Snapchat’s video-recording glasses have become the must-have gadget, thanks in part to how hard it is to buy them. WSJ’s Joanna Stern put on a pair of Snapchat Spectacles to capture the new pop-up store in New York City. Photo: Peter Foley for The Wall Street Journal
THE world’s biggest social networks are locked in a serious, billion-dollar battle over one of the world’s silliest innovations: puppy-eared, rainbow-spewing photo filters.
Snapchat is spending up big to keep its lead in the online photo market, while Facebook and Instagram shamelessly copy many of its features, and Apple and Samsung appear poised to enter the market.
But while it looks like a flippant fight, analysts say where you choose to share silly snaps could help decide which tech giant wins the internet popularity contest.
Telsyte managing director Foad Fadaghi said the battle was most important for $US33 billion network Snapchat, which relied upon photo filters to keep its young audience keen.
Facebook could afford to “experiment” with photos to attract more users, he said, while Instagram needed them to keep Snapchat at bay.
“The challenge for any of these services is maintaining users once the initial novelty has worn off, however,” Mr Fadaghi said.
“It will be challenging for businesses which rely upon photo filters for their business model.”
The photo filters are a basic form of augmented reality that is programmed to recognise faces and add pictures, such as puppy dog ears, or recognise locations and add city names, temperatures, or event details to photos.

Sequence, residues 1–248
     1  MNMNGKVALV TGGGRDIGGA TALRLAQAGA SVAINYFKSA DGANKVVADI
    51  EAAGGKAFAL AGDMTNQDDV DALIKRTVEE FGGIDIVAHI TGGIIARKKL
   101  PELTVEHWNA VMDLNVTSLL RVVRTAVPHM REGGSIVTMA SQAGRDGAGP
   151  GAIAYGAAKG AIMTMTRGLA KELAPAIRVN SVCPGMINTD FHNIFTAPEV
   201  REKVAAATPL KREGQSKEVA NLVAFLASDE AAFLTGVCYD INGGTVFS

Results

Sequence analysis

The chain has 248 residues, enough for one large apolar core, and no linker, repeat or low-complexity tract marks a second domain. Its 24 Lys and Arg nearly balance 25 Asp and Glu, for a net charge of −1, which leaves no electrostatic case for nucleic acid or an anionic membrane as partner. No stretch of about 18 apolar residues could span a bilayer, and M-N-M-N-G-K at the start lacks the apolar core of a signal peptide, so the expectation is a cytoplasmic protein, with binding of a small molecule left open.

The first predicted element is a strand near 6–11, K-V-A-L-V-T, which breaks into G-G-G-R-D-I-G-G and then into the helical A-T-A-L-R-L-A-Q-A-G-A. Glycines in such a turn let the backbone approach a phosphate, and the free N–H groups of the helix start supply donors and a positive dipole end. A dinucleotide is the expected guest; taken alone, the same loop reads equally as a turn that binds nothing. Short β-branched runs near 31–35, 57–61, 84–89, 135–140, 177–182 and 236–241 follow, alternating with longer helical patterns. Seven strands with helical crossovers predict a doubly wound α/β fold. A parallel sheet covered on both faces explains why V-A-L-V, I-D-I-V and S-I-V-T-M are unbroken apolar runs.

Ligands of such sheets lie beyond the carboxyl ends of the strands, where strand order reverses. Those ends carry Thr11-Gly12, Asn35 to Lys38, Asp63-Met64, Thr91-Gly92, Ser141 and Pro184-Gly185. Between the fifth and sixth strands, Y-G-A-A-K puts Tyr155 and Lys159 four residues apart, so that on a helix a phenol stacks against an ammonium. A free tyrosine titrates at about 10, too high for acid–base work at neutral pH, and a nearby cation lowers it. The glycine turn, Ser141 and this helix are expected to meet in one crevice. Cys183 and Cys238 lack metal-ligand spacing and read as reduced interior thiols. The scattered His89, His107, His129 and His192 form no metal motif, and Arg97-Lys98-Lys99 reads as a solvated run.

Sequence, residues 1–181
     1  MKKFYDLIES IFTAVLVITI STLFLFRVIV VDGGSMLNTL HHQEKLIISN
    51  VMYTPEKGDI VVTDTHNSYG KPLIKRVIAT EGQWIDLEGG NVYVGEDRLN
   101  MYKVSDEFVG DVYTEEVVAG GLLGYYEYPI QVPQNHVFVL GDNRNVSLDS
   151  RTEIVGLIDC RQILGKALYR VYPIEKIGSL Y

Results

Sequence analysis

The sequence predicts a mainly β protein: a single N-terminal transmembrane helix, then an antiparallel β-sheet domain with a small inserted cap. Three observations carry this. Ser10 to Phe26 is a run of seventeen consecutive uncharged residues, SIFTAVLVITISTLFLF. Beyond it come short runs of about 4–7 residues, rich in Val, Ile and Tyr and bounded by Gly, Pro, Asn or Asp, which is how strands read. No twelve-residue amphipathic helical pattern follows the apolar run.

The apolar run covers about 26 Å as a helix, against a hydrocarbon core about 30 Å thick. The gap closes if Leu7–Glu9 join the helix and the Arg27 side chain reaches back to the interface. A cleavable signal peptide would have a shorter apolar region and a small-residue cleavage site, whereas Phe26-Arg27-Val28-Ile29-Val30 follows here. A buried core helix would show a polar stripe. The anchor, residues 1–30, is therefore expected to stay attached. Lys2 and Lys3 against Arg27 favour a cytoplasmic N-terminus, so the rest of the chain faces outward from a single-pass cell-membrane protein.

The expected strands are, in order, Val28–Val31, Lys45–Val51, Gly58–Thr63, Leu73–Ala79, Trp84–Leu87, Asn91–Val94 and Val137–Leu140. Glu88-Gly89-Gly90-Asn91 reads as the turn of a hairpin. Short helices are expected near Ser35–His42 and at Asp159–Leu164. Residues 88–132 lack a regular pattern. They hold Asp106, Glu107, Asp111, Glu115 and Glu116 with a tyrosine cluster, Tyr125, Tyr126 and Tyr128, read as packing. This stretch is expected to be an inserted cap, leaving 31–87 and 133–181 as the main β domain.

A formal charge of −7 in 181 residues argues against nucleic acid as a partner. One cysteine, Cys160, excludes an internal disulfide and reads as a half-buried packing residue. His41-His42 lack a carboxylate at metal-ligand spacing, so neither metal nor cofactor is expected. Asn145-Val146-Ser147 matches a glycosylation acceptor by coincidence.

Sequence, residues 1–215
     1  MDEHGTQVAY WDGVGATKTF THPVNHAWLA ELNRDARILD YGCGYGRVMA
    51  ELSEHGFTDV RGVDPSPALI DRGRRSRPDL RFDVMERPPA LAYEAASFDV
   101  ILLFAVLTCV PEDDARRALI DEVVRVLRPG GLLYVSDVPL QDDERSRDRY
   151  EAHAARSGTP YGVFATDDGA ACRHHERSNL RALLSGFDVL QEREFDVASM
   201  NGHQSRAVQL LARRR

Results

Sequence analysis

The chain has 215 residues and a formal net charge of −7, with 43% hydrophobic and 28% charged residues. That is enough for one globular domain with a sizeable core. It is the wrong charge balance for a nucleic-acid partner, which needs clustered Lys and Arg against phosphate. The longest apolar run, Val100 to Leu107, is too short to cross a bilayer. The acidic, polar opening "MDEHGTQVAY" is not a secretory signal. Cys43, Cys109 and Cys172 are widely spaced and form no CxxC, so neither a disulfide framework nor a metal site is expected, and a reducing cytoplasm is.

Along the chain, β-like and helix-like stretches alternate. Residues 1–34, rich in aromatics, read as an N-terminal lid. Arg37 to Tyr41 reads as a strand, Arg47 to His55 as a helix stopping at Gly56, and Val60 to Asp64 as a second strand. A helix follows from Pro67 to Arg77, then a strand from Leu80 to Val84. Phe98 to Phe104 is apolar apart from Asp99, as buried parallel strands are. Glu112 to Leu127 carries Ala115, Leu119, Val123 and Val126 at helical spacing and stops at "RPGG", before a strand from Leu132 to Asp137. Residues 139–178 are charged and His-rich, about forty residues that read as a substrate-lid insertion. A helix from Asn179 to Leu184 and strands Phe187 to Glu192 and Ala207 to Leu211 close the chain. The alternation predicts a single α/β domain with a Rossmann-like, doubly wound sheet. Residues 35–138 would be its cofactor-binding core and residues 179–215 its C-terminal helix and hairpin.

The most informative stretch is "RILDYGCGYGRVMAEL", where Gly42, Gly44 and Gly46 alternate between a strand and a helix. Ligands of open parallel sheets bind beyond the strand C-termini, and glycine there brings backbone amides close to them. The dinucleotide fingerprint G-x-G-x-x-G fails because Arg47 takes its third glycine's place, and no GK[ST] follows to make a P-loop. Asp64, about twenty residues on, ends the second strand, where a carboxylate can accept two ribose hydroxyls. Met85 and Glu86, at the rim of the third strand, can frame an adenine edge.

Snapchat recently splashed out $US7.7 million for location-based filter technology — the highest sum for an Israeli patent — to keep them in the game.
But Instagram notched up an even larger win, revealing it boasts more than 700 million active accounts, including 200 million daily users of its Snapchat-like Stories feature with photos that disappear after 24 hours.
By comparison, Snapchat boasts a total of 165 million daily active users.
The milestone prompted Mizuho Securities analysts Neil Doshi and San Phan to compare Snapchat to Yahoo rather than a big tech firm like Google.
“At the heart of Snapchat is a messaging app,” the analysts wrote, “and the company faces very stiff competition in that segment based on our assessment.”
Plus, two of the world’s biggest tech firms appear set to join the battle.
Samsung introduced a host of photo filters into the camera of its new Galaxy S8 smartphone, and Apple introduced an app called Clips that adds filters, stickers, and captions to video in real-time.
Apple analyst Gene Munster said the company wasn’t serious about taking on Instagram or Snapchat yet, but it wanted to ensure it was investing in the popular technology.
“If you really dig into this Clips, it’s more about them working with filters and augmented reality,” he says.
“Longer term, the significance of augmented reality for Apple is having a place at the table in the future of computing.”